I perceive a message in the emphasis the carver gave the date of Josselyn’s fate. This date was carved into local memory as surely as 17 October 1989 is in our own (in mine, anyway).

Michael Colbruno’s “Mountain View People” blog has a photo of Josselyn that gives a hint of his energy and popularity.

Behind Josselyn’s monument is the white marble stele of the Pardee family plot, one of the handsomest bits of Plot 1 with its upgraded frame of ornamental gravel.

Enoch Pardee, the patriarch, builder of the Pardee mansion, was a major Oakland figure in his time, but his son George, a figure of even greater renown, is the earthquake connection.

George Pardee was born in the earthquake year of 1857 and experienced the 1868 quake as a youth, but it was the 1906 San Francisco earthquake that marked his life the most. He was governor of California at the time, and he immediately took the train to Oakland to oversee the state’s response from his family home. There he welcomed refugees from across the Bay, many of whom stayed in Oakland in a great pulse of population and development.

The 1906 earthquake did much damage in Oakland, by the way, but here in the cemetery, according to Andrew Lawson in the 1908 Report of the State Earthquake Investigation Commission, “the chief damage done was the cracking of the receiving vault, and that was not injured very much. In St. Mary’s Cemetery, on the small ridge to the west, however, many monuments were moved or twisted and several were overthrown.” An observer counted about a dozen monuments disturbed here, mostly by twisting. (Lawson himself was buried at Mountain View in 1952, one of Mountain View’s contingent of noted geologists.)

Bay Farm Island

7 June 2021

The middle East Bay shoreline has three lumps in it, three bodies of ice age sand dunes that would seem more at home in San Francisco than over here. The first, the biggest, underlies downtown Oakland; as the city border signs say, it reaches an elevation of 42 feet right at City Hall. The second underlies Alameda, the former peninsula, and has a maximum elevation of about 35 feet. The third, smallest and lowest of all, barely over 10 feet, an accident of the modern sea level, is Bay Farm Island.

The Ohlone tribes came here to harvest shellfish from the tidal flats and bird eggs from the fields, although they apparently did not stay long or build shellmounds on the place they called Wind Whistle Island. The earliest maps show a small area of treeless land with marsh on three sides and a sandy bluff facing the Bay. This is Captain Beechey’s map, surveyed in the late 1820s.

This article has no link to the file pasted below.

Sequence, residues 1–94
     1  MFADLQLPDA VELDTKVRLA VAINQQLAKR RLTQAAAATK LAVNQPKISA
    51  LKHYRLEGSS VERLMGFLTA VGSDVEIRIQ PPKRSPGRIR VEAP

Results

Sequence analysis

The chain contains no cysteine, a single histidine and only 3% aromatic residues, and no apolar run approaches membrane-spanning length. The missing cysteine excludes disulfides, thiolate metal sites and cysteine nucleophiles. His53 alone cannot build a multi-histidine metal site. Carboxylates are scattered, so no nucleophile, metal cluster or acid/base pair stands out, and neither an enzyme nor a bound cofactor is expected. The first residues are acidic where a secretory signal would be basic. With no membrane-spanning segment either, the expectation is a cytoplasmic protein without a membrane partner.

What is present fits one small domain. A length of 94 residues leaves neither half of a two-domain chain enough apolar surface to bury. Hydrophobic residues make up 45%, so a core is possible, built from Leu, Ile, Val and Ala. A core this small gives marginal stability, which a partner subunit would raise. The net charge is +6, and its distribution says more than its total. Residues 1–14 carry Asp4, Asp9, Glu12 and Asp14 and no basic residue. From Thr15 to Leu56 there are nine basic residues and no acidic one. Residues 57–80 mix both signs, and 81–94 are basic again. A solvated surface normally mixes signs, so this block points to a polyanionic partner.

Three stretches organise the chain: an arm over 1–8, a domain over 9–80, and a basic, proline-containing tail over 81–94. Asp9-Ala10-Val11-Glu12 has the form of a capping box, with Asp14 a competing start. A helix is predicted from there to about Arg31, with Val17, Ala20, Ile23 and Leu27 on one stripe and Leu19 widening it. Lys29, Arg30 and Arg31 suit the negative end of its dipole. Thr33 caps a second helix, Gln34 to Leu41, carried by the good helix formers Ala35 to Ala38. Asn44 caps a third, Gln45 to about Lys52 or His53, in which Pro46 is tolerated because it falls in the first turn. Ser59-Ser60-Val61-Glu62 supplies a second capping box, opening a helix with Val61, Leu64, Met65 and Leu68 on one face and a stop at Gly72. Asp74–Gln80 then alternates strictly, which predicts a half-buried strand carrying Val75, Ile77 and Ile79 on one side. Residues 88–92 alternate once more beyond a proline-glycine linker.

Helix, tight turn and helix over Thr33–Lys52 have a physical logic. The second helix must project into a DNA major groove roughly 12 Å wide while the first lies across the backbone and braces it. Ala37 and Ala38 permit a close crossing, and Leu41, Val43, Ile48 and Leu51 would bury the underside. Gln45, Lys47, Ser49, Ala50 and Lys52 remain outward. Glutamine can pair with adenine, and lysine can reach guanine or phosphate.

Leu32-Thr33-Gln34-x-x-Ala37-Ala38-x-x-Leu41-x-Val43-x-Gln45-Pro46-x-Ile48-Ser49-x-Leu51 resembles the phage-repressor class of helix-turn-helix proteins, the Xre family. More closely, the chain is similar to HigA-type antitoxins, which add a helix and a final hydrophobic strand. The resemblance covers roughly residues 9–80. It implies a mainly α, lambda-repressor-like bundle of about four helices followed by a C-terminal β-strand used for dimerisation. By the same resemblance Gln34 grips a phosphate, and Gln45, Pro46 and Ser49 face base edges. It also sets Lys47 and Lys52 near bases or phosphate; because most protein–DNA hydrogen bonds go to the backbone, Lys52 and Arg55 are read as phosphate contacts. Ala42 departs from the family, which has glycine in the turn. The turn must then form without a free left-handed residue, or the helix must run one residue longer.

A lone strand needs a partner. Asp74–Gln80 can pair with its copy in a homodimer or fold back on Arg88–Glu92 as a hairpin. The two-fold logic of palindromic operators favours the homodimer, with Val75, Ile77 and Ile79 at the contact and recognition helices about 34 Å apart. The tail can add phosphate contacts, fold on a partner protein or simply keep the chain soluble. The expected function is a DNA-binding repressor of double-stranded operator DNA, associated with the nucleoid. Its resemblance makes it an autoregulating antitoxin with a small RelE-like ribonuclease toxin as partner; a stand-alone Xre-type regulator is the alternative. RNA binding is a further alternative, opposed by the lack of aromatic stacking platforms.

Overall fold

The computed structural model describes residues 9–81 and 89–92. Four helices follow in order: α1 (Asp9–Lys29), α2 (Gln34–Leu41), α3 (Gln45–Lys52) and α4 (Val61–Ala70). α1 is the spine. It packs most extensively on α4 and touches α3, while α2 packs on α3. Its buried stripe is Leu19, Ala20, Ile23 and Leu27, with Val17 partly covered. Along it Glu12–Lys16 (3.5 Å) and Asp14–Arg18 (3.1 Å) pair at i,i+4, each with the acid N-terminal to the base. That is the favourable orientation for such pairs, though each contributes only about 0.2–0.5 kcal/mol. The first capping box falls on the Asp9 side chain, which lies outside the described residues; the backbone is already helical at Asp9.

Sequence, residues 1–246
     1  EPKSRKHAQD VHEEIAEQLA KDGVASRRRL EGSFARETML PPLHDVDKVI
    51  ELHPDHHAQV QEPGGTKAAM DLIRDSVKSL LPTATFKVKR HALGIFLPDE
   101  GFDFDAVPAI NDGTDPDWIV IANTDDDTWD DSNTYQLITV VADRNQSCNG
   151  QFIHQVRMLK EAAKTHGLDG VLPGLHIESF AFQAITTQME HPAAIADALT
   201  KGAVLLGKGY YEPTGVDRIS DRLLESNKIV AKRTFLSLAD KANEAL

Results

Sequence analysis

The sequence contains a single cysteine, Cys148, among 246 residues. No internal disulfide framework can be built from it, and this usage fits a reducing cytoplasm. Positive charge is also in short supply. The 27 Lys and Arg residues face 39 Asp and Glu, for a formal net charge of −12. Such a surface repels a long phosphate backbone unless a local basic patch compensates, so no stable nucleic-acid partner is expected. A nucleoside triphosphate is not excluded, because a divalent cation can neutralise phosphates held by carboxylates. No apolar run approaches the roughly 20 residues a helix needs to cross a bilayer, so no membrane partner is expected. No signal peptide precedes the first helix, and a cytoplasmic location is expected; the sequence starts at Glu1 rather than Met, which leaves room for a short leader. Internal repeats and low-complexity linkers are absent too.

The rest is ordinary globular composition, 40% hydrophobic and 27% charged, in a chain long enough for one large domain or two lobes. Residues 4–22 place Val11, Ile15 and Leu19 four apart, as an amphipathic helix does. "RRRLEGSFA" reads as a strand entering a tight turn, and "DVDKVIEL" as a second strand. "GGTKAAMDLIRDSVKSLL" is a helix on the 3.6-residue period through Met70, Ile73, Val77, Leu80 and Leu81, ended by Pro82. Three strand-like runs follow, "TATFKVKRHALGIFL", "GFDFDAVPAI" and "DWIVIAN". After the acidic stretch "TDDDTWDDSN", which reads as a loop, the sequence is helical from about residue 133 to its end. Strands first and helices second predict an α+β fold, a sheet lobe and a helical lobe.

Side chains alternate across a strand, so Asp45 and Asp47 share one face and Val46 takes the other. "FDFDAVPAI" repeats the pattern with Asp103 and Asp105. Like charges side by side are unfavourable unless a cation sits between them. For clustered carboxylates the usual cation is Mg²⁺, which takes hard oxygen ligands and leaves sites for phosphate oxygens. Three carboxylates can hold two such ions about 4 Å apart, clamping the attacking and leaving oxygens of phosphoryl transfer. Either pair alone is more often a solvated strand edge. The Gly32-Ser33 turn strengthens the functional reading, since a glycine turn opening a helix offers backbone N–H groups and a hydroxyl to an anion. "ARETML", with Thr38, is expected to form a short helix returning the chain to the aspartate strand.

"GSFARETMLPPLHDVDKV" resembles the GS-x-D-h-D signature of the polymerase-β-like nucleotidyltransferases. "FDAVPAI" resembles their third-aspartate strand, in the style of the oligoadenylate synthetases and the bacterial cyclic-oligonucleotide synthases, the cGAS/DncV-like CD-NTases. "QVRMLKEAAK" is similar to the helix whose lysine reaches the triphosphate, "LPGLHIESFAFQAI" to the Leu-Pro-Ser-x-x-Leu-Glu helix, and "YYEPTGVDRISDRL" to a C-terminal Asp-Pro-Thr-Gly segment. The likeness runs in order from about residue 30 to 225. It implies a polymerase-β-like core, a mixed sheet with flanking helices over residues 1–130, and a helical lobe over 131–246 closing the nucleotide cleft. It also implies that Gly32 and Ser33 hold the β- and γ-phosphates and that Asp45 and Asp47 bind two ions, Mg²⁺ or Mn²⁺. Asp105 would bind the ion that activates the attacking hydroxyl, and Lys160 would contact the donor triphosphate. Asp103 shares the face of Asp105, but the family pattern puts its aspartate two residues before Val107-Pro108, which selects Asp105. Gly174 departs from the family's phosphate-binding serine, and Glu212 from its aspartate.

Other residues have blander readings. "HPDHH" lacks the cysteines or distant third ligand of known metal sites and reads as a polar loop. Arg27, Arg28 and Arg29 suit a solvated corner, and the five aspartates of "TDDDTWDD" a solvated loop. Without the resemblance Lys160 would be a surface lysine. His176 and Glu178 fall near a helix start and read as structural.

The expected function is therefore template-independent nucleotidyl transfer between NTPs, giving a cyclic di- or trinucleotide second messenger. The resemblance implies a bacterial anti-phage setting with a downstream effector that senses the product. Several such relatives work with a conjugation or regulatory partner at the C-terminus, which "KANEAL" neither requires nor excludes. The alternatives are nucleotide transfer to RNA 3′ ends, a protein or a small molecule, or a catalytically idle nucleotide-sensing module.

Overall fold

The first USGS maps, from the late 1890s, accurately show the original island. Note that the marshes drained away from the Bay, a sign that the island formerly extended farther east.

Like Oakland, the land was settled by squatters in the early 1850s, but instead of real-estate speculators they were farmers who quickly spotted the advantages of clean virgin soil, a high water table and easy access to the San Francisco markets. They did so well, this isolated patch got its name almost immediately. Bay Farm Island asparagus was famous — farmers cleared $500 an acre in Gold Rush dollars — and having grown it myself I can see how that crop would thrive in this excellent fine dune sand.

In the 1870s, efforts began to drain the marshes and turn it into hayfields and “made land.” A 1878 map neatly juxtaposes the old property lines on the natural island and the new speculator lots on the reclaimable land around it. The outline of the firm ground was a miniature of the Alameda peninsula, a baby slipper next to its parent as seen in the geologic map.

Thompson & West map, 1878 on

Maps from around 1900 show the island divided into large farm lots, with windmill-powered wells and long windbreaks planted against the prevailing northwesterlies. The twentieth century nearly erased all of this geography, as the former marsh was built up into the Oakland Airport, the Corica Park golf course and the Harbor Bay residential and business development. An overlay of the 1878 and current maps shows that there is no natural shoreline left.

Today Shoreline Park, at the western tip of the original island, is a manufactured shore on a high berm, armored with riprap. Inland, high residential walls and mature trees blunt the stiff wind off the Golden Gate.

But the pervasive landscaping and air traffic overhead can’t camouflage its eerie setting, a naked, remote, windswept place in the belly of the Bay.

What might Gertrude Stein, who famously bemoaned the loss of the Oakland she recalled from her youth, have said had she come instead from temporarily Bay Farm Island?

Read an excerpt from Eric Kos and Dennis Evanosky’s book on Bay Farm Island